- Melissa Isaacson, Columnist, ESPNChicago.com
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LAKE FOREST, Ill. -- Considering the unknowns involved in evaluating any NFL draft pick too soon, it makes more sense to be excited about Chicago Bears' first-round choice Shea McClellin than it does to start comparing him to Dan Bazuin.
But sure enough, that name popped up Thursday night, a nervous and knee-jerk reaction by those who remembered Bazuin, a second-round Bears pick five years ago out of Central Michigan who, like McClellin, was projected as a defensive end, then waived after one year and his second knee surgery.
Maybe it's just a Chicago reflex to come up with the most pessimistic comparison available, as inappropriate as it might be. After all, McClellin was a surprise to many who preferred the Bears choose Illinois defensive end Whitney Mercilus or South Carolina defensive end Melvin Ingram or anyone who didn't play their college ball on a blue field.
Of course, that sort of thinking would have made Brian Urlacher, who played on red turf at New Mexico, just as undesirable. Actually, come to think of it, there were those who wondered at the time if Urlacher could convert from a college safety at a mid-major into an impact player in the NFL.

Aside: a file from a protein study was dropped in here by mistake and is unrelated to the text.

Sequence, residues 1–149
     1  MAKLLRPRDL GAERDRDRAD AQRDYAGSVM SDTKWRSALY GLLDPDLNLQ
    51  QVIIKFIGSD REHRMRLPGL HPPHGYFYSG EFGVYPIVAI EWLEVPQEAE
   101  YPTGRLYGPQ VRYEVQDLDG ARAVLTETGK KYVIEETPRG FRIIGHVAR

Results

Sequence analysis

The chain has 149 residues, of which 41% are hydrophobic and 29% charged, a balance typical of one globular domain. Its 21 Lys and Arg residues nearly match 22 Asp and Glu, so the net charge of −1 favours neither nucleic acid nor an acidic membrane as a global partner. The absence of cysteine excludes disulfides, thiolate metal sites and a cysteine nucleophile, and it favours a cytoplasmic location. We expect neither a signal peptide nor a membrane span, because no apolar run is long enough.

McClellin -- a 6-foot-3, 260-pound pass rusher who has played linebacker but will line up at left end opposite Julius Peppers and wear the same number as Hall of Famer Dan Hampton, as if the kid doesn't have enough pressure already -- was indeed a surprise at No. 19.
But that was exactly the way Bears general manager Phil Emery, running his first NFL draft, liked it.
"At the Senior Bowl, he played more linebacker than rushing, so that was kinda good for us because not as many people saw him as a rusher," said Emery, who said he did a lot of work on McClellin as director of college scouting for the Kansas City Chiefs, where he would have fit nicely into their 3-4 defense. "He played SAM backer in that game and all we could find on tape out of all the one on one Senior Bowl rushes was one rush. So people got into him late."
Amid all the talk about his low pads and good leverage, a portrait emerges of a versatile player, a natural athlete who could play linebacker if he had to, can play either end, will certainly play in the nickel package, and excels at special teams. Not that you're looking for a special teamer with your No. 1 pick.
A small-town kid who grew up on a farm, McClellin joked Thursday night by phone to the Bears media corps that chasing down quarterbacks was not unlike "my ability to chase chickens. It's kind of similar " But, he added, he also considered himself "a big-city guy."
"I don't think it will be that hard of a transition, really," he said.
Emery has to think so as well.
It was a bold but telling move by the Bears' GM, who nonetheless downplayed the suggestion that he was making a statement with his first pick.
"It just says that player was at that spot at that time and he was the highest-rated player we had among the seven [they targeted in the first-round]," he said.
If he can get to the quarterback and contribute "right away" as Emery hopes, then all the draft day stuff will matter about as much as the fact that he played on that goofy blue turf.